Lifting Up Our Brothers and Sisters in Haiti

(Prayer offered on the Public Address system at La Salle Academy on Tuesday, 21 January, as part of Haiti Solidarity Week)

Let us pause and remember we are in the holy presence of God.

 During spring break of my senior year in college, I went to Haiti on a service trip with some of my classmates. One day, while we were in the capitol city of Port-au-Prince, we spent the afternoon at an orphanage run by the Missionaries of Charity. There were at least fifty children living at the home and only three or four Sisters, who were so busy with washing, cooking, cleaning, and changing the children that there was hardly time to teach them, let alone play with them.

haiti children

So when the eight of us walked in, the children pounced. For the next two hours we played tag and hide-n-seek, gave piggyback rides and served as human jungle gyms. It was easy for us to feel good about ourselves for all the smiles and laughter – to feel as though we were providing a valuable service and making a difference in those children’s lives. Thinking back on that day, however, doesn’t leave me feeling very good. It leaves me feeling small and powerless. What I remember most from that day was not the joy of the children or the generosity and love of the Sisters. I remember leaving, because as we walked out the front door we passed a small group of women, maybe four or five, who were lined up at a side door, each holding a small child. And as we piled in and slowly pulled away, I remember seeing the woman at the front of the line pass her child through the door to a Sister and turn to walk away, tears in her eyes.    


That was fourteen years ago. Haiti was already the poorest country in the west – a place with high unemployment, high illiteracy, and a high child mortality rate, all the result of a long and sad history of colonialism followed by corrupt dictatorships, a nation isolated from its neighbors because of the ignorance of racism. It was already a place where a young mother could be so desperate that she would pass her baby off to a Sister in hopes that the baby’s future may be brighter. Then, on January 12, 2010, at 4:53pm local time, Haiti was struck by a magnitude-7.0 earthquake.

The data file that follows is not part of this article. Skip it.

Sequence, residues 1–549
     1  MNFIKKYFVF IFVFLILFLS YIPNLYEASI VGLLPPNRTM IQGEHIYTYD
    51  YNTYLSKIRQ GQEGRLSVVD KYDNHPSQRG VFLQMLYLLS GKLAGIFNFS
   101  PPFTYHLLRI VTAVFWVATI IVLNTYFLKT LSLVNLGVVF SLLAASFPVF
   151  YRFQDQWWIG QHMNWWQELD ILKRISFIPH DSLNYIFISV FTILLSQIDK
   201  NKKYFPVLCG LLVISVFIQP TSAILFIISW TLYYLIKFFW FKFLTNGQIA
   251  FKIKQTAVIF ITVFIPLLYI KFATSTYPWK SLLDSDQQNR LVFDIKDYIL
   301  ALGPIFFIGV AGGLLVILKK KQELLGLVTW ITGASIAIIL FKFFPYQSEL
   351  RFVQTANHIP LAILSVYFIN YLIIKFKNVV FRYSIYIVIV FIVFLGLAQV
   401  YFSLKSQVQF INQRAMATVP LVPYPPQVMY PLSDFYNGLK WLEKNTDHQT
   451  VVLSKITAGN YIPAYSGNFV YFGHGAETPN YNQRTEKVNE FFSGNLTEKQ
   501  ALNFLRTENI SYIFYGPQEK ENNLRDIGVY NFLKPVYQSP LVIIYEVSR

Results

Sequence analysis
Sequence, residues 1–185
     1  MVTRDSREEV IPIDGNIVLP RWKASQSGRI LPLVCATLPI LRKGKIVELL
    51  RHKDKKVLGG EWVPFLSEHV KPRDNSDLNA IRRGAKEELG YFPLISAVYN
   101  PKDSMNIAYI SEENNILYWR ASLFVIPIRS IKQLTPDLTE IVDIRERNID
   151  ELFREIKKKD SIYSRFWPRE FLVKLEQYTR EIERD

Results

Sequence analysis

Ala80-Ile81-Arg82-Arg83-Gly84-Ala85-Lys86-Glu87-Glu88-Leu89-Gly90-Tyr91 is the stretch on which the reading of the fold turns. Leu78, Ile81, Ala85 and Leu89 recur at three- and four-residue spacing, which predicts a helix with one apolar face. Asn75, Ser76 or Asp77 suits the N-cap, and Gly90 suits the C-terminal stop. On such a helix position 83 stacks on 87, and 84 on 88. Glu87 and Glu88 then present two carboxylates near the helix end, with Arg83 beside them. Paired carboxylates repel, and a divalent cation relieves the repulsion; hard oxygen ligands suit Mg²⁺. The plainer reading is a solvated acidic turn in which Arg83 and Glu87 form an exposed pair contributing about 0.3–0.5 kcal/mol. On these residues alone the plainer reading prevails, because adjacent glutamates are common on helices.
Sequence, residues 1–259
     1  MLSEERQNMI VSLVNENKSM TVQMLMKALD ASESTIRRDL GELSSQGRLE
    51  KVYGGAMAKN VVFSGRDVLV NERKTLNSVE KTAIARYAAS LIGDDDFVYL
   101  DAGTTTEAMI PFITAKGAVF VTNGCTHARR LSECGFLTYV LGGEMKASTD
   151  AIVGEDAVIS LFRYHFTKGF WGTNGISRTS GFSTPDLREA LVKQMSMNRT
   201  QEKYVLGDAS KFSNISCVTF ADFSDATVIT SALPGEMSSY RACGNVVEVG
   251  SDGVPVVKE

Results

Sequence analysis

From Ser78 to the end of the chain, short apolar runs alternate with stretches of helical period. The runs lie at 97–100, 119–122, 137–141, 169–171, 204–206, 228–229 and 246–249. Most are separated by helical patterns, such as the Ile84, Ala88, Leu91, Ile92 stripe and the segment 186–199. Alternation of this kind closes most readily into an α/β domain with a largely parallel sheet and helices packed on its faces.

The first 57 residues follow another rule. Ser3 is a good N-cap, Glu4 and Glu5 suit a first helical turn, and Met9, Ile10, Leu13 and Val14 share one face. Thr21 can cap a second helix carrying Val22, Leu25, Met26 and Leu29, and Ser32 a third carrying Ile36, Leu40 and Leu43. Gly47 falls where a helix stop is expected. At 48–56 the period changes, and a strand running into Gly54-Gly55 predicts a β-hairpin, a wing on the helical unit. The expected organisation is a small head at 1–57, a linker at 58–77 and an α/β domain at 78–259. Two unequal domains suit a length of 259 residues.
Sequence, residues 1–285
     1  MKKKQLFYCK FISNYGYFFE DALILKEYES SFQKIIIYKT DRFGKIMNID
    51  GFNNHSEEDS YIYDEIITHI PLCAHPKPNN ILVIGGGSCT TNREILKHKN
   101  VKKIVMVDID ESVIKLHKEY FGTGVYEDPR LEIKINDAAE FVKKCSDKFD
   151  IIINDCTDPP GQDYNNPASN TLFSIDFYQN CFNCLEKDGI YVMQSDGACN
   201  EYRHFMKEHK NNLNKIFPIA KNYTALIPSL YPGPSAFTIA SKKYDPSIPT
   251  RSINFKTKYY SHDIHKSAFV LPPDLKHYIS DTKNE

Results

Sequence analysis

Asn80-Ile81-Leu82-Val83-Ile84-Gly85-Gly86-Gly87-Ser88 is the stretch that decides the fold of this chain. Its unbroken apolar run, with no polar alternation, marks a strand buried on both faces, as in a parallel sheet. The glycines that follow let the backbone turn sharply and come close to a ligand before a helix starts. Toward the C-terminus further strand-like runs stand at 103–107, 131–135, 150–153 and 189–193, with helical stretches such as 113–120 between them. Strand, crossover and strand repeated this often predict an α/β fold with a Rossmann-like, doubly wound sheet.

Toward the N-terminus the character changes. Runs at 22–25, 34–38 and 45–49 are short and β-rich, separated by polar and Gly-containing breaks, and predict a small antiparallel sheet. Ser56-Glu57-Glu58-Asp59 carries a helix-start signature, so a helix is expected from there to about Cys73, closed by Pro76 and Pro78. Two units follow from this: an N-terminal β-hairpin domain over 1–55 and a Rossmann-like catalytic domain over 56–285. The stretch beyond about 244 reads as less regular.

Brother Dennis Malloy, the Brother Visitor for the District of Eastern North America wrote a letter recently to all the schools and agencies in our District: The magnitude 7.0 earthquake that struck Haiti on January 12, 2010 significantly deepened existing challenges and created massive reconstruction needs for a country that was already the poorest in our Hemisphere.  In response to this need, the Institute called for a worldwide collection that resulted in the initiation of an educational ministry that continues to develop.  Such a school is not an alternative but creates the opportunity for an education where there would otherwise be none.

Haiti school 

Opening October 2012 with one hundred students, the school has now doubled in size and serves over 200 youngsters from pre-K to 5th grade.  Many of the children are from a nearby orphanage and several are HIV positive.  Each year an additional grade will be added.  It is envisioned that a vocational component will be added for the upper school years, and ground was broken this past June for a Mother-Child health and wellness center largely funded by the District of South Mexico.

 To commemorate the fourth anniversary of the earthquake, to remember the lives lost and the damage done, but also to celebrate the coming together of people of good will (including the Lasallian family) to contribute time and talent to Haiti’s resurrection, Brother Dennis has called on all schools in our district to participate in a week of prayer and solidarity for the people of Haiti. In his encyclical Sollicitudo rei Socialis, or On Social Concern, Pope John Paul II said that “Solidarity is not a feeling of vague compassion or shallow distress at the misfortunes of so many people, both near and far. On the contrary, it is a firm and persevering determination to commit oneself to the common good; that is to say, to the good of all and of each individual, because we are all really responsible for all.” So during this, our Haiti Solidarity Week, let us rise above mere feelings of compassion or distress and commit ourselves seriously to the idea that we are responsible for lifting up our brothers and sisters in Haiti.


Let us pray.

Heavenly Father, we remember in a special way this week the nation of Haiti, the hardships the country and its people have experienced, the lives lost, and the continued struggle to rebuild. We ask that you continue to bless Haiti and its people with strength to move forward, faith in your abiding presence, love of one another, and hope in your kingdom come. And we ask that you bless us so that we can come to know what it really means to be in solidarity with the poor of our world, and in-so-doing, grow closer to you, who are the God of the poor.


St. John Baptist de La Salle…pray for us

Live Jesus in our hearts…forever.

Matt Daly (Director of Campus Ministry)